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Abdominal Pain

Patients with mitochondrial disease are at risk for having abdominal pain for several reasons. Dysmotility can occur at any level of the gut resulting in distention, nausea and vomiting, reflux, among other symptoms. Pseudo-obstruction can create a life- threatening situation characterized by severe abdominal pain and vomiting; a mechanical obstruction is not identified (Chang, 2004). Viral illnesses also slow the gut and weeks may pass before gut function returns to baseline. Patients with prolonged gut dysmotility are at risk for developing bacterial overgrowth.

Disturbed colonic motility can be associated with infrequent stools (days or weeks without a stool), alternating hard stools and diarrhea, or incomplete emptying (i.e., when some but not all stool is passed). Some patients have difficulty passing even soft stools. On occasion stool volumes are very large (and can "plug the toilet") which contributes to the difficulty in passing. See CONSTIPATION.

Gut dysmotility likely occurs at least in part because of autonomic nervous dysfunction (Chinnery, 2001; Zelnik, 1996), although gastroparesis is also described in the setting of lactic acidemia (Chinnery, 2001). Similarly, bladder dysfunction can occur as well with pain caused by urinary retention and an overfull bladder. If retention is a chronic issue, urinary tract infections and/or vesico-ureteral reflux are potential complications. When the child is unwell and not urinating well, the decreased urine output may not be due to underhydration but to urinary retention. See RENAL/BLADDER.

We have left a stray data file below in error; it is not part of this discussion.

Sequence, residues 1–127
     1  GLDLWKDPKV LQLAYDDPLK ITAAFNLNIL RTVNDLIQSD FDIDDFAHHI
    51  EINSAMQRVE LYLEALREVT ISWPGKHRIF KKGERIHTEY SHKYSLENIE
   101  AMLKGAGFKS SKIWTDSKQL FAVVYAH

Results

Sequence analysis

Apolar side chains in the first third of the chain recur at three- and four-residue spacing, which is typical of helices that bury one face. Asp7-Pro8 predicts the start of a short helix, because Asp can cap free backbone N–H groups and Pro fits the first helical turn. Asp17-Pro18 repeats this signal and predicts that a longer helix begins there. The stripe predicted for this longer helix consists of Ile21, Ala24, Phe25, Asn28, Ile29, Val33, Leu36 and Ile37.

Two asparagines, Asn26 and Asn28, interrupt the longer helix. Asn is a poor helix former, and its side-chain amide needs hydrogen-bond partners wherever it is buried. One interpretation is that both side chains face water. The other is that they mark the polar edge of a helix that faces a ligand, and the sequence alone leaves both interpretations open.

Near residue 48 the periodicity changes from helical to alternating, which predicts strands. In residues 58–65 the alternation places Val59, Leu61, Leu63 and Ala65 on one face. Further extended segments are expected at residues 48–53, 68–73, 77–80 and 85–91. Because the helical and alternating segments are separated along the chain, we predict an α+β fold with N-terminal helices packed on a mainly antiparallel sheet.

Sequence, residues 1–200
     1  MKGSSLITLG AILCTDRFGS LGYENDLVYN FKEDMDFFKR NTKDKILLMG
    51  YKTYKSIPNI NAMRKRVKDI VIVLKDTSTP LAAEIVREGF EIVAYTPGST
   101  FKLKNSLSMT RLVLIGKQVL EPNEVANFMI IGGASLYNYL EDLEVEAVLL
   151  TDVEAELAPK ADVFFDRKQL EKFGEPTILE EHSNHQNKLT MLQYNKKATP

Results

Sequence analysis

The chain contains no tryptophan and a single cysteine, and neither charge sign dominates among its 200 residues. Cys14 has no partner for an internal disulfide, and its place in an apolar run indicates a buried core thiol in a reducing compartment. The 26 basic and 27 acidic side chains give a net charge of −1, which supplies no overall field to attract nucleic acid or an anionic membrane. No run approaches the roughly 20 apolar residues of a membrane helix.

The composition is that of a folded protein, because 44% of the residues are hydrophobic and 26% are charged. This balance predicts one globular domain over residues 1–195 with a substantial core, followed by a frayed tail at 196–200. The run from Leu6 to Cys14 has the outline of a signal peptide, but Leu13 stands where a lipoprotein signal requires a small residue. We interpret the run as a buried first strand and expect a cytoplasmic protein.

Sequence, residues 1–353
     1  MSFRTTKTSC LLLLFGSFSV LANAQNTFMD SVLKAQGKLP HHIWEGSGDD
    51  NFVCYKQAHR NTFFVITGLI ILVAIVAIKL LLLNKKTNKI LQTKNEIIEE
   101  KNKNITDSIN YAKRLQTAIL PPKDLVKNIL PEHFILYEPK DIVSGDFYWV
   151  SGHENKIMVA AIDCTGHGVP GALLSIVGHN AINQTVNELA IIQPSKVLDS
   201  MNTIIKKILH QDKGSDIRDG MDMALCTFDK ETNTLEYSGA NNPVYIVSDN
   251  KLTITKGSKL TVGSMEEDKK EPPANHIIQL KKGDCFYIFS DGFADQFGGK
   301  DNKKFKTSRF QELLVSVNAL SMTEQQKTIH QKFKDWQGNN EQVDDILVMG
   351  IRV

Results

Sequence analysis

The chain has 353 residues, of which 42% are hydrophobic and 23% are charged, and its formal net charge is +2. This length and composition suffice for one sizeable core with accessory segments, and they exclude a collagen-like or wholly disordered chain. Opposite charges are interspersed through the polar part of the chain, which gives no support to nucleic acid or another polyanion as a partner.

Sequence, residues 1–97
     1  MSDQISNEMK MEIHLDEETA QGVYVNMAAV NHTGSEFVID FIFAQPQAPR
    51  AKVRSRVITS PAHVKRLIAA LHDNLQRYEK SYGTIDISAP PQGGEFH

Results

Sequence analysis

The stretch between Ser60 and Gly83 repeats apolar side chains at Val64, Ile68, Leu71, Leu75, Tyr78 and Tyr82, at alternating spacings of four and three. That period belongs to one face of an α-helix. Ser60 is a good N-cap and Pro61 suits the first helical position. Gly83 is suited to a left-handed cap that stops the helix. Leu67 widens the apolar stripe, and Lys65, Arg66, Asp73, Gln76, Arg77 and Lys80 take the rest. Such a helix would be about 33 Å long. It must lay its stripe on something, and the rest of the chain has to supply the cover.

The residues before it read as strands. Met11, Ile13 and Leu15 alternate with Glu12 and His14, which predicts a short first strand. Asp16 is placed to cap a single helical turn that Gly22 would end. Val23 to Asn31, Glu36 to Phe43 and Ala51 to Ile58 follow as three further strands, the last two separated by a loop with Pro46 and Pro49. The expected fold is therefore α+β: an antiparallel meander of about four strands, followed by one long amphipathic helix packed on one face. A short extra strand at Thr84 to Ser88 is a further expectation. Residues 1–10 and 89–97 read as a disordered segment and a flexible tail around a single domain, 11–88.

Migraine and its abdominal equivalent both occur in patients with energy disorders. Trigger factors include excessive activity and fatigue, dehydration or underhydration, and inadequate calorie intake. See HEADACHES.

The muscles of the abdominal or chest wall can be a site of pain. This is probably a diagnosis of exclusion.

Pediatric pancreatitis is relatively rare. If a more common cause cannot be identified in a patient with mitochondrial disease, the possibility of medication-induced pancreatitis should be considered (Robertson, 2000). Its mitochondrial etiology may remain undetermined and could be the result of dysfunction within the organ (Finsterer, 2007).

Various medications are associated with pharmacological disruption of mitochondrial metabolism. Recurrent abdominal pain may occur in the setting of mitochondrial disease, particularly when there are a number of medications involved (Debray, 2006).

Mitochondrial Differential Diagnosis

1. GI causes:

a. Gut dysmotility

i. Gastroesophageal reflux +/- esophagitis

ii. Gastroparesis with delayed gastric emptying

iii. Intestinal dysmotility

iv. Constipation

b. Bacterial overgrowth

c. Excessive gas

2. Renal/bladder causes:

a. Bladder dysfunction:

i. Urinary retention

b. Urinary tract infection (cystitis, pyelonephritis)

3. Neurologic causes:

a. Migraine or abdominal migraine

4. Abdominal wall (muscle) pain